The world created by Milly Johnson is how we’d all like life to be.
Across the 10 romantic novels she’s written to date, good things happen to the most deserving people and the odd nasty soul usually gets their comeuppance.
“I’m not going to take these lovely characters and give them a rubbish ending,” she says with the expected candour of someone with Glaswegian and Yorkshire parentage. “I want people to feel uplifted at the end.”
Many good things have happened to Milly in the past decade, capped by her winning an award for Best Romantic Comedy Novel earlier this year.
But behind the rose-tinted spectacles and sense of humour lies a steely determination forged at her lowest ebb, before she fulfilled a lifelong ambition – having her first book published – at the age of 40.
“I sometimes think ‘I wish I’d done this at 21’ but I don’t think I could have. But when I hit 40 it all came straight out.
“It makes me sound a bit crackers, but it was almost as if God had said, ‘OK, this bird wants to be a writer, I’m going to make the first 40 years of her life a scrapbook of life experiences and when she’s 40 we will let her loose on the PC’.
“It just came straight out like it never had before.”
On the eve of her 40th birthday, Milly was working as a copywriter when life took a distinct turn for the worse.
“I had a fantastic job, a very good salary and my life/work balance was brilliant,” remembers the divorced mum-of-two.
“But all good things come to an end, I suppose, and trouble erupted when my boss, who had brought me to the firm, fell out with another manager.”
Milly presumed she’d be given another boss and carry on as normal. But one night she says she received a threatening phonecall at home from the big boss.
She felt her position would be under threat if she didn’t end the friendship with her old manager.
Refusing to be dictated to on who she could socialise with, Milly says she and a group of like-minded colleagues were ostracised by the manager and those who sided with him.
“There was no compromise. If you wanted to be part of the ‘in’ crowd you had to turn against the others. It was horrific. Adult bullying is terrible as your whole security is threatened. I was a single mother with two kids, working to pay the mortgage.”
Milly left her job and tried to sue for unfair dismissal. She used up her life savings before the spiralling costs forced her to drop the case.
Always looking to take a positive out of a negative she launched a website to help people stuck in the same situation and is now able to use her position as a successful author to give talks on workplace bullying.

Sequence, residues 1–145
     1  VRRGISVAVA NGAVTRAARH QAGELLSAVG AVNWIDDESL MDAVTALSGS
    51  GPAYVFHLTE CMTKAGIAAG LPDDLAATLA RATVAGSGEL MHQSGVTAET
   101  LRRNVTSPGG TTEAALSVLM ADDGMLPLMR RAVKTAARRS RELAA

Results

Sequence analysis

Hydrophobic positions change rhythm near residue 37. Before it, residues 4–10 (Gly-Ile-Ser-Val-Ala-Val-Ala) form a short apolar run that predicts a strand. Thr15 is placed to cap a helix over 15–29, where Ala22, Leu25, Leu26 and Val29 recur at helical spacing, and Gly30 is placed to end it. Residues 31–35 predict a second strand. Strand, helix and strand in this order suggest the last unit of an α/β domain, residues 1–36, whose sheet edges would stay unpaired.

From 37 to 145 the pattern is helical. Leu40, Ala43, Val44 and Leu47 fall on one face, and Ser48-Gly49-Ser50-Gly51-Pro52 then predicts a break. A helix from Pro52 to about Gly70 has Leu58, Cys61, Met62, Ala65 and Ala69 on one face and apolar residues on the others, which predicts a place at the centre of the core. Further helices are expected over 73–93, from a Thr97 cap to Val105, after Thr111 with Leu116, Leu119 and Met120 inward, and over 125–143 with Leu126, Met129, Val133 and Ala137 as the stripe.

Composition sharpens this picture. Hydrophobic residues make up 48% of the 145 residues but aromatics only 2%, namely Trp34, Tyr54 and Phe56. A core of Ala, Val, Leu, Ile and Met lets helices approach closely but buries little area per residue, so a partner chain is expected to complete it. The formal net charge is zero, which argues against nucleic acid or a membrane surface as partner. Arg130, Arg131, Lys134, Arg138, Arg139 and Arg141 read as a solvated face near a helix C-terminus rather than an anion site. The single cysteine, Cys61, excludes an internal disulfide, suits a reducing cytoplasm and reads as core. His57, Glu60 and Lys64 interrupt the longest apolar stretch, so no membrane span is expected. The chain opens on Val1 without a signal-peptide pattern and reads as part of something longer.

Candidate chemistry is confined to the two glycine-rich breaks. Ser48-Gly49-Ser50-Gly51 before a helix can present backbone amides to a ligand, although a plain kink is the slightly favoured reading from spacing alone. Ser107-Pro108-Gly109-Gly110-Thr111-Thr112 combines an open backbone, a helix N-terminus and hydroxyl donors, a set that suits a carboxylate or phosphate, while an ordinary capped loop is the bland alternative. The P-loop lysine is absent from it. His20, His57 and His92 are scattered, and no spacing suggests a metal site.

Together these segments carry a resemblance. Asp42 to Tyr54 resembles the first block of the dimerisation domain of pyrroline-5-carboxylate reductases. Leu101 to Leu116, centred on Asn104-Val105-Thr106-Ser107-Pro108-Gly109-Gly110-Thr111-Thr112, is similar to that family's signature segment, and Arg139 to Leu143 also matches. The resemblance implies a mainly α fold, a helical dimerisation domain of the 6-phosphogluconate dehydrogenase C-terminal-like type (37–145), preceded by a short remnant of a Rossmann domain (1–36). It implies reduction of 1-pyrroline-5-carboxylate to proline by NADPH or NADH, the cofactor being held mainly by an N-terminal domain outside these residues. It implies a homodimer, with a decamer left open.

“I’m quite a hard old bat, but it affected my health very seriously. I became good friends with my solicitor – don’t get me wrong he still sent me the bill – but he reminds me of when I first walked into his office.
“My mouth was full of cold sores, I had flip-flops on, no tights or socks. I just didn’t know how I was dressing and I didn’t have any make-up on. I was in such a state, crying and sobbing. It completely destroyed my confidence.
“However, I’m a great believer in hope and that whatever doesn’t destroy you makes you strong. It taught me a lot about myself and made me more determined than ever to be a writer because I never wanted to go back to working for someone again.”
Her debut novel The Yorkshire Pudding Club was about three women in Milly’s hometown of Barnsley who all fall pregnant at the same time. Her second book The Birds and the Bees owed more to the Scottish side of her family.
She explains: “I wanted to write about Scotland in an incredibly fond way because I had all these lovely memories of visiting my mum’s aunts there as a child.”
Always borrowing on her own experiences, the central theme of her latest work The Teashop on the Corner is about people getting a second chance to do what they really want.
“I’m 50 now and you think you’re going to be settled at that age,” she adds. “But, for various reasons, people who are my age are losing their jobs and having to start again, moving to smaller houses and trying to build up their fortune again. I wanted to write about that.
“This book is also very special to me as I named the main characters after my partner’s mother Molly and her husband Harvey, but Molly passed away before I got to finish it so she’ll never get to read the story I wrote for her.
“A couple of months later Harvey had his life savings stolen, but, on hearing the story, the whole town rallied around – a woman from Milton Keynes wrote a cheque for the whole amount and sent it to him anonymously.
“I think we forget that in a world of rottenness there are some truly gorgeous people out there and that is the message of this book.”
BY DARRYL SMITH, 29 JUNE 2014 7.45AM. REAL LIFE STORIES Sundaypost.com
It’s not a spoiler to say that in the world of Milly Johnson, there should always be a happy ending.
- The Teashop on the Corner is available from bookshops and on Kindle now.
- For more information on workplace bullying, contact the National Bullying Helpline on 0845 22 55 787